Federated Learning – IoT Anomaly detection
In this project, our researches simulated various attacks and defenses on Federated Learning (FL) applications with a focus on IoT Intrusion Detection Systems (IDS). We have extended the modeling of the behavior of IoT devices to a number of newer IoT devices to include common aspects necessary for the selection of anomaly detection algorithms.
Federated Learning is an attractive collaborative machine learning approach for us to apply to smart systems at large. Especially in the area of the Internet of Things, the potential for smart applications as well as smart systems is very extensive.
In the IoTDefender project we investigate possibilities of using a federated learning (FL) approach to realize a more adaptive and autonomous approach of training behavioural models for IoT intrusion detection. In this approach, deep learning-based neural network algorithms are used to learn the typical packet sequences that IoT devices emit when communicating over the network. Since most IoT devices have only a few different well-defined functions, we have shown that their behaviour can be accurately captured using such models.
However, if only local data would be used to train these models, obtaining accurate models would take considerable time, since many IoT devices typically do not send a lot of data but rather have scarce network communications. Federated learning offers therefore a very good approach to aggregate models trained by many system participants to a global model shared by all, thus improving significantly the speed and accuracy of model training and detection.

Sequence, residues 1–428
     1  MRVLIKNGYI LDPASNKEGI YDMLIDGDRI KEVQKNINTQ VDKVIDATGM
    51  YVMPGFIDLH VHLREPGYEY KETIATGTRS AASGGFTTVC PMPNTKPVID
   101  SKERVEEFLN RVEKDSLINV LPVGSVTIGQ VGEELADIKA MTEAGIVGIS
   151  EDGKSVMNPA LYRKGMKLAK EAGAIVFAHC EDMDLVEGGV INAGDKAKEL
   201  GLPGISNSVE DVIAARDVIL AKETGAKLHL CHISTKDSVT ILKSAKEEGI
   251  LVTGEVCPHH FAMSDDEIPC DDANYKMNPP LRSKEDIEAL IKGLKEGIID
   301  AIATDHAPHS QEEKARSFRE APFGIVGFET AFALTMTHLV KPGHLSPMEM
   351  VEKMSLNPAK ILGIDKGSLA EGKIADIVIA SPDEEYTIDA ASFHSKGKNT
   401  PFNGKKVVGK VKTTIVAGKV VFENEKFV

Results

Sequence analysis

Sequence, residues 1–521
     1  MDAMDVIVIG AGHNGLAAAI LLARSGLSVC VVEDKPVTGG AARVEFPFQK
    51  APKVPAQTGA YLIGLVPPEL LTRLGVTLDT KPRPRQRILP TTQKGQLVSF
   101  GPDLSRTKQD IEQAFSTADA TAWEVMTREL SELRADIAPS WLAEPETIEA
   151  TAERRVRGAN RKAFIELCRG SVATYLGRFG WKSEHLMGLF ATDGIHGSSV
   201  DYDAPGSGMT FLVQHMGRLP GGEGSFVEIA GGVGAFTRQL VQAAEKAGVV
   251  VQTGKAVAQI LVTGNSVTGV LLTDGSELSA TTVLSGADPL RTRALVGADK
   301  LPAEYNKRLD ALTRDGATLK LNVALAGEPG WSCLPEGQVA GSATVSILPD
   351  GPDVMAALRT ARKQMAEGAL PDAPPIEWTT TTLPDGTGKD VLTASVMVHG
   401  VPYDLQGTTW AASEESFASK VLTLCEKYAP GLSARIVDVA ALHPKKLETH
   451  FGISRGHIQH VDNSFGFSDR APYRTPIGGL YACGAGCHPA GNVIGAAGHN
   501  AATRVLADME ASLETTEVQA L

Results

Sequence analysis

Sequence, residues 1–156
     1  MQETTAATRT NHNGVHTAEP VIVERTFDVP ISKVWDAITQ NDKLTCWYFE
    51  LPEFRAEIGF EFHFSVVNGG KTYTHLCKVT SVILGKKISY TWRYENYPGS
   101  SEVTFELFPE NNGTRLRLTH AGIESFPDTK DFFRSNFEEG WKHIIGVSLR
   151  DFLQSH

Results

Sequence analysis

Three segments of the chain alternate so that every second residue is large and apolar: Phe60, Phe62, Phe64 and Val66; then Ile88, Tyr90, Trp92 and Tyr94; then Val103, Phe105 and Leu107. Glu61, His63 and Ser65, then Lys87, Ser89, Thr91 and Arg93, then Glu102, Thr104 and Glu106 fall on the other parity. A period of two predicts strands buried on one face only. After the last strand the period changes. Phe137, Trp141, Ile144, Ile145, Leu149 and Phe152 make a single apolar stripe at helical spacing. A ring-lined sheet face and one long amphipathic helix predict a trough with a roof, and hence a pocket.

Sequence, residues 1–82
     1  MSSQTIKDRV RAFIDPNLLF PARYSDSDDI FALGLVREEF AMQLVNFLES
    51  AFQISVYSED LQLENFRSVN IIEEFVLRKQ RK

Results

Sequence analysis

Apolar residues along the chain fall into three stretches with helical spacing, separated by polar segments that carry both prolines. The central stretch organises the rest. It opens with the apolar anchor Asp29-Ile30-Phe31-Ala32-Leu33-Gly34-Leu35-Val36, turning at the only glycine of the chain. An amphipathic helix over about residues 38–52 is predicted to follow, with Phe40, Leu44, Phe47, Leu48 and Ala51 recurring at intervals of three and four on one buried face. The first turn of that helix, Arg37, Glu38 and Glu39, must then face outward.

In this project we also consider the problem of data or model poisoning, in which an adversary uses, e.g., compromised devices in the network to inject maliciously modified data into the training process of the detection model in order to inject so-called backdoors into them. These backdoors can have the effect that, e.g., attack traffic is incorrectly classified as benign by the resulting detection models.
We have therefore developed a framework called FLGuard that provides a two-level approach for identifying potentially poisoned model updates and mitigating the impact that potential poisoning attacks can have on the resulting global detection models.